After earning his Ph.D. and teaching at West Point, Petraeus continued up the rungs of the command ladder, serving as military assistant to Gen. John Galvin, the Supreme Allied Commander in Europe. From there, he moved to the 3rd Infantry Division (Mechanized) and then to a post as aide and assistant executive officer to the U.S. Army Chief of Staff, Gen. Carl Vuono, in Washington, D.C. He would return to the Pentagon in 1997-99 as Executive Assistant to the Director of the Joint Staff and then to the Chairman of the Joint Chiefs, Gen. Henry Shelton.
Upon promotion to lieutenant colonel, Petraeus moved from the office of the Chief of Staff to Fort Campbell, Kentucky, where he commanded the 101st Airborne Division (Air Assault)'s 3rd Battalion, 187th Infantry Regiment from 1991-93. As battalion commander of the Iron Rakkasans, he suffered one of the more dramatic incidents in his career when, in 1991, he was accidentally shot in the chest during a live-fire exercise when a soldier tripped and his rifle discharged. He was taken to Vanderbilt University Medical Center, Nashville, Tennessee, where he was operated on by future Senator Bill Frist. The hospital released him early after he did fifty push ups without resting, just a few days after the accident.
During 1993-94, Petraeus continued his long association with the 101st Airborne Division (Air Assault) as the division's Assistant Chief of Staff, G-3 (plans, operations and training) and installation Director of Plans, Training, and Mobilization (DPTM). His next command, from 1995-97, was the 1st Brigade, 82nd Airborne Division, centered on the 504th Parachute Infantry Regiment. At that post, his brigade's training cycle at Fort Polk's Joint Readiness Training Center for low-intensity warfare was chronicled by novelist and military enthusiast Tom Clancy in his book "Airborne." In 1999, as a brigadier general, Petraeus returned to the 82nd, serving as the assistant division commander for operations and then, briefly, as acting commanding general. From the 82nd, he moved on to serve as Chief of Staff of XVIII Airborne Corps at Fort Bragg during 2000-01. In 2000, Petraeus suffered his second major injury, when, during a civilian skydiving jump, his parachute collapsed at low altitude due to a hook turn, resulting in a hard landing that broke his pelvis.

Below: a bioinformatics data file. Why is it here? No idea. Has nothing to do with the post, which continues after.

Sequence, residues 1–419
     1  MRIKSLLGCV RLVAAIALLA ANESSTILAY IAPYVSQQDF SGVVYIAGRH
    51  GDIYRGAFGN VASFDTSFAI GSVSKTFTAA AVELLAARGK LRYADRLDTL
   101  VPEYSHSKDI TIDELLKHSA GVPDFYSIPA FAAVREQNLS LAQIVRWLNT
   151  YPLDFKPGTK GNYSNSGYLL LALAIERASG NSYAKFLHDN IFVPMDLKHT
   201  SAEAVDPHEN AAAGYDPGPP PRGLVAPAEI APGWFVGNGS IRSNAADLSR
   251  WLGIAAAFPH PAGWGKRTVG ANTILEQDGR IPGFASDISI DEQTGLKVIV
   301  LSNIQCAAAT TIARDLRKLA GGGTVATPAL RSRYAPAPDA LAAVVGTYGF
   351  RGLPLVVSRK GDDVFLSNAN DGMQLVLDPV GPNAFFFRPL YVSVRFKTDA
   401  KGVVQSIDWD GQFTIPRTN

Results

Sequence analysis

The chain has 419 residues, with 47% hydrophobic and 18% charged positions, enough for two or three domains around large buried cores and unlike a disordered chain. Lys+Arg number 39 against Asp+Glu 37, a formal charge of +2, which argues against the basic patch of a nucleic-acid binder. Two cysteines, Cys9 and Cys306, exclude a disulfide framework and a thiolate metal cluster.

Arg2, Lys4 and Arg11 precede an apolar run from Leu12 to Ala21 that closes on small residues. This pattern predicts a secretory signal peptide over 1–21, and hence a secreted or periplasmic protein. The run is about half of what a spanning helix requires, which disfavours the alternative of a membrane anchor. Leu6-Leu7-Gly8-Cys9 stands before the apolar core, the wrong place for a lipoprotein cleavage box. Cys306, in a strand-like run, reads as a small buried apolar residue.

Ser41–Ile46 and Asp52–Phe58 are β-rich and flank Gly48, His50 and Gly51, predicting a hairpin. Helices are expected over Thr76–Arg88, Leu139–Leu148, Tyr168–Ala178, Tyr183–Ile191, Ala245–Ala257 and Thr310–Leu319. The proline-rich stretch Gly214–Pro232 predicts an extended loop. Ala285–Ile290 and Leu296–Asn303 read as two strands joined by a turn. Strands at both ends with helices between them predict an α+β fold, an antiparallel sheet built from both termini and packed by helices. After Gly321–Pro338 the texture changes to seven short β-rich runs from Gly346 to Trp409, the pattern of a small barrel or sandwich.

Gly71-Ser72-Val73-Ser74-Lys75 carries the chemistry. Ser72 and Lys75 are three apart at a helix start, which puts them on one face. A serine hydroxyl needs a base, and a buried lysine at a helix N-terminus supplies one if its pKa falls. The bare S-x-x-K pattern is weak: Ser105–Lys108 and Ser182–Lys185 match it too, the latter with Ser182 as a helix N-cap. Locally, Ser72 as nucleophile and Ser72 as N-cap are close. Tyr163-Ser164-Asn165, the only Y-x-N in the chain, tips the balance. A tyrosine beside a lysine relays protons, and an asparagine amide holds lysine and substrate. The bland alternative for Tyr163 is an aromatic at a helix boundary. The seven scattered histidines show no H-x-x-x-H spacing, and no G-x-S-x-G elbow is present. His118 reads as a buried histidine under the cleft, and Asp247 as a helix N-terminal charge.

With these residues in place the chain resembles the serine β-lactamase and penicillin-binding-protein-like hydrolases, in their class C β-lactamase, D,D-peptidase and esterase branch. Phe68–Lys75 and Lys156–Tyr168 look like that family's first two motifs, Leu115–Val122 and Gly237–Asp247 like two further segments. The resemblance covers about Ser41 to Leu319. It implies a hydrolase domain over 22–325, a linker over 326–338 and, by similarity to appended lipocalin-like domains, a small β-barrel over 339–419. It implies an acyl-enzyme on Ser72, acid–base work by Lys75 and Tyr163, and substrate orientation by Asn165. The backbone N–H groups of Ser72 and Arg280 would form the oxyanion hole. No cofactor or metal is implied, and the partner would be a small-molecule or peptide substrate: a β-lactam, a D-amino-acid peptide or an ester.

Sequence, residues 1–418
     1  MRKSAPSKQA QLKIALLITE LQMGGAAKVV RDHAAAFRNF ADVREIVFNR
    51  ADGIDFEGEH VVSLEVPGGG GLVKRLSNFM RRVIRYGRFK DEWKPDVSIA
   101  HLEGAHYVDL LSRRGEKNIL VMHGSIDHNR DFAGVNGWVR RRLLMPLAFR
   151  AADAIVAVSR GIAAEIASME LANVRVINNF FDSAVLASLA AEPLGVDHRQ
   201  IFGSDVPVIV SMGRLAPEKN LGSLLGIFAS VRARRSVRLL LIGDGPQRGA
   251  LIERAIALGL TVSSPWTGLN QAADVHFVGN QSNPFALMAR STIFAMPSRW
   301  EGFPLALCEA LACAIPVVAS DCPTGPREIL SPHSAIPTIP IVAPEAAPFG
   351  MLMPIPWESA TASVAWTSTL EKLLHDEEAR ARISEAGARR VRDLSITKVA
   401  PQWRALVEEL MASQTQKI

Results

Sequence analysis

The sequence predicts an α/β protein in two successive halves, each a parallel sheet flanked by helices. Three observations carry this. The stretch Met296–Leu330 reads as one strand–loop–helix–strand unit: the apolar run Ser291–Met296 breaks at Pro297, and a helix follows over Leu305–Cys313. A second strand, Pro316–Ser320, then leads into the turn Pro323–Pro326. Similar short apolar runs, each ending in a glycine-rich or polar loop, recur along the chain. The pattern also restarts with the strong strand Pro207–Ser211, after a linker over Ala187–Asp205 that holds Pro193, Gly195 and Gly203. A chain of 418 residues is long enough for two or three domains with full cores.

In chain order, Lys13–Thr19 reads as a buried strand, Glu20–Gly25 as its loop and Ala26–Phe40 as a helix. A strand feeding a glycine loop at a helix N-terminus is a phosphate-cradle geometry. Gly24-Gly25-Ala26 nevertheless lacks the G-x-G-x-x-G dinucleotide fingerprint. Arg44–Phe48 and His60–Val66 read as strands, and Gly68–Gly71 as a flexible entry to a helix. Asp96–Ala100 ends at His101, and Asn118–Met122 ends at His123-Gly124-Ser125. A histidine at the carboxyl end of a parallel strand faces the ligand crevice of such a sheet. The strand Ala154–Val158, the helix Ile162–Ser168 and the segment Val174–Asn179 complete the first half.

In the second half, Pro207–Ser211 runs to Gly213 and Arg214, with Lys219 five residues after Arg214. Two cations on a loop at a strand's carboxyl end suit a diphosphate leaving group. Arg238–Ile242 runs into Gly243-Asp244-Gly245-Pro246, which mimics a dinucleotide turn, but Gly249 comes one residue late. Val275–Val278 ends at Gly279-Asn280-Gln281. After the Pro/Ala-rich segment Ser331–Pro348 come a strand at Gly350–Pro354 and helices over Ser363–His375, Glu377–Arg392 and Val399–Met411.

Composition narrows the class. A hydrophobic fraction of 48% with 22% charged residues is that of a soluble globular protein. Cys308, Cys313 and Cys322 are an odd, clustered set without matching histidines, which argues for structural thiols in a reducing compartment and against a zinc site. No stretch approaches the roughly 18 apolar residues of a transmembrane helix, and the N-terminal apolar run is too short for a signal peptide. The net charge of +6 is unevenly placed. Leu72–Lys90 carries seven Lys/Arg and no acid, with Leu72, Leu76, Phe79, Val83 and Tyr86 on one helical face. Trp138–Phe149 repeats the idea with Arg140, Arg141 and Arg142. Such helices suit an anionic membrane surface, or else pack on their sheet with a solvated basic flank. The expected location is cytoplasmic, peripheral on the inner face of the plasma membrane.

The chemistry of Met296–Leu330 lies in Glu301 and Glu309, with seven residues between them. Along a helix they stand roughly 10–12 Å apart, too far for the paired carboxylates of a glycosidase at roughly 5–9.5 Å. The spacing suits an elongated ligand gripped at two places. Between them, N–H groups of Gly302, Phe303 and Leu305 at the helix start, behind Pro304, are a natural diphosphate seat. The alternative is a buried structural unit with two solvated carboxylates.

Although Petraeus did not see combat before his 2003 deployment to Iraq, he completed three overseas assignments short of war earlier in his career. In 1995, his Georgetown fellowship was cut short when he was assigned to the United Nations Mission in Haiti Military Staff as its Chief Military Operations Officer during Operation Uphold Democracy. Four years later, as assistant division commander for operations, he deployed with the 82nd Airborne Division to Kuwait as part of Operation Desert Spring, the continuous rotation of combat forces through Kuwait during the decade after the Gulf War.
During 2001-02, as a brigadier general, Petraeus served a ten-month tour in Bosnia-Herzegovina as part of Operation Joint Forge. In Bosnia, he was the NATO Stabilization Force Assistant Chief of Staff for Operations as well as the Deputy Commander of the U.S. Joint Interagency Counter-Terrorism Task Force, a command created after the September 11 attacks to add a counterterrorism capability to the U.S. forces attached to the NATO command in Bosnia.


2003 - 2004:
In 2003, Petraeus, then a major general, commanded the 101st Airborne Division during V Corps's drive to Baghdad. In a campaign chronicled in detail by Rick Atkinson of the Washington Post's book In the Company of Soldiers, Petraeus led his division through the battles of Karbala, Hilla, and Najaf (where he came under fire during an ambush by Iraqi paramilitary forces). The 101st was not, as had been expected, called upon to lead urban combat in Baghdad, leading to some limited criticism of the division's role in the campaign. Instead, as V Corps's lines of supply came under threat from attacks by irregular forces in the cities of the Euphrates river valley, the division's three brigades, reinforced by an armored battalion, took the lead in clearing the cities of Najaf, Karbala, and Hilla. Other notable roles filled by the 101st during the campaign included an armed feint toward Hilla to cover the 3rd Infantry Division (Mechanized)'s drive through the Karbala Gap, an armed reconnaissance by the division's brigade of Apache attack helicopters, and the relief of beleaguered elements of the 75th Ranger Regiment at the Haditha Dam. Following the fall of Baghdad, the division conducted the longest heliborne assault on record in order to reach Nineveh Province, where it would spend much of the next year (the 1st Brigade was responsible for the area south of Mosul, the 2nd Brigade for the city itself, and the 3rd Brigade for the region stretching toward the Syrian border).